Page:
Piper's Argument Analysis

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Wright and Piper have varying, and often contradictory, interpretations of a number of scriptures; notably Romans 2:27-30. Regarding this passage, Wright attempts to prove that Paul’s argument to the Judaizers was that “there is no road into covenant membership on the grounds of Jewish racial privilege” (Piper, 146). Whereas, Piper uses this as proof of the works-based-righteousness that supposedly plagued the First Century Jews. Piper primarily argues from 2 Corinthians 5:21 to claim that Christ’s “active obedience” has been imputed to the Christian, not merely an act of clemency. This is one of the main issues between Piper and Wright’s theology. Wright does not argue for the notion of Christ’s “active obedience” imputed to the sinner. Reformers have famously distinguished between the “passive” obedience of Christ on the cross, and the “active” obedience by fulfilling the Law. Piper…show more content…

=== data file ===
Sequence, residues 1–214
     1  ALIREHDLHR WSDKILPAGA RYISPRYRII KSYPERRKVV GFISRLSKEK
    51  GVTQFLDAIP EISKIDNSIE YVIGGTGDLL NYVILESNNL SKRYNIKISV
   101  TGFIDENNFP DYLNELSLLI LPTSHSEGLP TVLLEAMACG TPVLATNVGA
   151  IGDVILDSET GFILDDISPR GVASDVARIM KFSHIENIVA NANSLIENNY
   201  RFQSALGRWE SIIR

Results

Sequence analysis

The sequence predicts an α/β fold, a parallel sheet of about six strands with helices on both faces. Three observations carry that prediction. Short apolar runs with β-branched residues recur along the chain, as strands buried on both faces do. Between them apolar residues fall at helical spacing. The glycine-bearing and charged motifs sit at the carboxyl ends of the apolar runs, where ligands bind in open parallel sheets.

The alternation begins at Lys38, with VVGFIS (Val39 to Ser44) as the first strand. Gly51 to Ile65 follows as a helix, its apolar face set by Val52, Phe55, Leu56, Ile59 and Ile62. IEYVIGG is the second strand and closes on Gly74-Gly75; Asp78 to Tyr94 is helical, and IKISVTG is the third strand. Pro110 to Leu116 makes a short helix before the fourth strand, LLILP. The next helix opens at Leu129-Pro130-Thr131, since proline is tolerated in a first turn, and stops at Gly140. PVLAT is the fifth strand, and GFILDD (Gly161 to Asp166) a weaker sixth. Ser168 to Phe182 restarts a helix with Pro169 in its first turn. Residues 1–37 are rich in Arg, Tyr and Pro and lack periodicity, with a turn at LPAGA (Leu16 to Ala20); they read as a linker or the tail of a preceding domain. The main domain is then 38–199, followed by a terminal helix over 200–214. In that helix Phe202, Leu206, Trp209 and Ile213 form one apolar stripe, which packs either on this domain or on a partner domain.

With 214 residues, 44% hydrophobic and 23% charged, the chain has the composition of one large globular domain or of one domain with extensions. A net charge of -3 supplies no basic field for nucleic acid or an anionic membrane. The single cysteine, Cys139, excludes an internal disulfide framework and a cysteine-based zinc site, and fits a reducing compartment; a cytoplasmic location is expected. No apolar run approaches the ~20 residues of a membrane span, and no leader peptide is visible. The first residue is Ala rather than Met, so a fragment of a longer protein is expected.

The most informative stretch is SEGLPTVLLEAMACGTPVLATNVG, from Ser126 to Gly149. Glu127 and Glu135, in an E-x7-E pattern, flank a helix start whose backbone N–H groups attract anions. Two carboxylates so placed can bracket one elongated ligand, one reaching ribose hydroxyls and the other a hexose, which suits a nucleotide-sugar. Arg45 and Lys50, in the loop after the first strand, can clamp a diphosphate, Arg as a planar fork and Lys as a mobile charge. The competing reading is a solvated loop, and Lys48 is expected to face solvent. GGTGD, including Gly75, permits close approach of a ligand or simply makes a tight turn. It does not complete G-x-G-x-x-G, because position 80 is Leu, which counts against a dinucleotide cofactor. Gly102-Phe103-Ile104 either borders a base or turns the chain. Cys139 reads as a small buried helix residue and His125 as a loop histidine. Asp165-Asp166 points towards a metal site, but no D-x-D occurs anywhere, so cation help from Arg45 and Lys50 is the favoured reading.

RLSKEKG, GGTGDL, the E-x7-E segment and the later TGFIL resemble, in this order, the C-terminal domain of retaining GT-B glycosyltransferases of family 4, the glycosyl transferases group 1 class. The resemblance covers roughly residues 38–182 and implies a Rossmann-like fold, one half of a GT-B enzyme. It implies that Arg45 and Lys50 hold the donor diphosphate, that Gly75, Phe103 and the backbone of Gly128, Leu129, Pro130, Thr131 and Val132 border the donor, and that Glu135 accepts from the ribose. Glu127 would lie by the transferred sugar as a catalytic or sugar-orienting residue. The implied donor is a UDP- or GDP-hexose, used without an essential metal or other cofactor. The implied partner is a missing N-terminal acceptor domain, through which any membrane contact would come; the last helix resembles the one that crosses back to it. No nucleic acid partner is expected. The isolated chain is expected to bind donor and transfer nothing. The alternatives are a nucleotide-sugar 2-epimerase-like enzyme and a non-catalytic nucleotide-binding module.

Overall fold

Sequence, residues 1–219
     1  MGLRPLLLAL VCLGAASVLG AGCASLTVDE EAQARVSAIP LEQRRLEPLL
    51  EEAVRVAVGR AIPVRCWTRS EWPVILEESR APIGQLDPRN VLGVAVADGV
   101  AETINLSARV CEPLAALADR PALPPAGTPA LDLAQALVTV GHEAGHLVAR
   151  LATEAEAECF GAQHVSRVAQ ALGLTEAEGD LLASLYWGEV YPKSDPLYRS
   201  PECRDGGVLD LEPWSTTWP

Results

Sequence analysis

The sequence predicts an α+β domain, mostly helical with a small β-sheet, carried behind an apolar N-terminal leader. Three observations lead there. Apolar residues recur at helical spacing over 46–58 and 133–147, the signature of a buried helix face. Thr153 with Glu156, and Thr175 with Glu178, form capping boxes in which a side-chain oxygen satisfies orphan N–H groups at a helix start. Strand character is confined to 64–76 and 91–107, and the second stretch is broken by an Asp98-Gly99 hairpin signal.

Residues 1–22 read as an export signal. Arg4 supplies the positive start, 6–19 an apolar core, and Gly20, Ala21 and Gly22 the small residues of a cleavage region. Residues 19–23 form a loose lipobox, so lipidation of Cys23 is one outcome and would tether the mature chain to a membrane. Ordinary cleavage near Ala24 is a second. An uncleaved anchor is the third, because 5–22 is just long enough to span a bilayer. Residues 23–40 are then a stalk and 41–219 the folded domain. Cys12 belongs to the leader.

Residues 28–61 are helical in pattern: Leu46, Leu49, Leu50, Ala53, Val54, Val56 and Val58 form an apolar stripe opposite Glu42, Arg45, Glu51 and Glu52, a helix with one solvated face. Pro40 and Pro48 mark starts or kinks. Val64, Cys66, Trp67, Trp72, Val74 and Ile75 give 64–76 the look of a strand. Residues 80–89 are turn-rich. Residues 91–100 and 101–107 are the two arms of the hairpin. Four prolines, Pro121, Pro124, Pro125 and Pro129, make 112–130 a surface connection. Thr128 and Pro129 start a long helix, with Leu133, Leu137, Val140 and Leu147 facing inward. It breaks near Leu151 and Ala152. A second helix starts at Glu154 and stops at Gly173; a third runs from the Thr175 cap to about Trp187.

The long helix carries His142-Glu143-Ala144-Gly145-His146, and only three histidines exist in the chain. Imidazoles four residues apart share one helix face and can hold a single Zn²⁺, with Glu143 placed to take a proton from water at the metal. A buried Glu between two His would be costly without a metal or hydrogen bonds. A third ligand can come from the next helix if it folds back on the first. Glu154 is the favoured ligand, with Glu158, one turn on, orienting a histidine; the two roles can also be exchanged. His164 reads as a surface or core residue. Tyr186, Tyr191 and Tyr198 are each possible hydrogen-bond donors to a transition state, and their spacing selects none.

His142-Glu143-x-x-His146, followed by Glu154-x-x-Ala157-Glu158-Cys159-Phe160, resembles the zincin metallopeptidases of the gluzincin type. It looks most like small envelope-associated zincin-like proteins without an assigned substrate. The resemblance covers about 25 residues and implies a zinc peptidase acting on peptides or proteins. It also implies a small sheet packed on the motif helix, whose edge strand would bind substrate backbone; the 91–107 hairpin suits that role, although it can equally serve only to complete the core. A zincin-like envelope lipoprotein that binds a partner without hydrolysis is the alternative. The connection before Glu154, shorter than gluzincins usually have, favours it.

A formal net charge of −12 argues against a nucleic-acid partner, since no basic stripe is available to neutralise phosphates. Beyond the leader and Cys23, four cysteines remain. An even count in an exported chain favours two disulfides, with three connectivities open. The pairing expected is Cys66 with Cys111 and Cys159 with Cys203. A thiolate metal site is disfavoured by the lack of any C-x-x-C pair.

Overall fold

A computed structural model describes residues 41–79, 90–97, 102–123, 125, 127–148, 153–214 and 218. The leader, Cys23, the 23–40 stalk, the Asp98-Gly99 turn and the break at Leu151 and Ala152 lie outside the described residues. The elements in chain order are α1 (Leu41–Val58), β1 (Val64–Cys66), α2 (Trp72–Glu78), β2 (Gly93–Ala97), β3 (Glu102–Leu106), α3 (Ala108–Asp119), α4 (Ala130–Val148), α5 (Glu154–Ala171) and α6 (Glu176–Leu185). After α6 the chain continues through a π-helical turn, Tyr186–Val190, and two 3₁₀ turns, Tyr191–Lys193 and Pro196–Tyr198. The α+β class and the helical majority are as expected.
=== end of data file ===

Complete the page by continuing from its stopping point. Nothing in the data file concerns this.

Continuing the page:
Both writers view their theology as exclusive - without regard to a plausible middle. I am swayed by pieces of each argument, but not entirely moved by either. In particular, I find Wright’s view of Paul within the context of First Century Judaism to be invaluable, and provides a great deal of understanding to some of Paul’s more difficult - and at times offensive - scriptural teachings. I also believe with Piper that it can be dangerous to be so heretically vague in one’s “fresh” definitions of the gospel, righteousness, and justification. Whether or not these fresh perspectives are right or wrong, I agree with Piper that “muddying the waters” will do more hurt than help, and that a clear, complete, and concise writing of this difficult-to-grasp shift in doctrine would be wildly beneficial. I don’t believe one must be a theologian to have an acute understanding of the nature of the gospel, and am overall disappointed with the inaccuracy of speech and unclear logic within the writings of both
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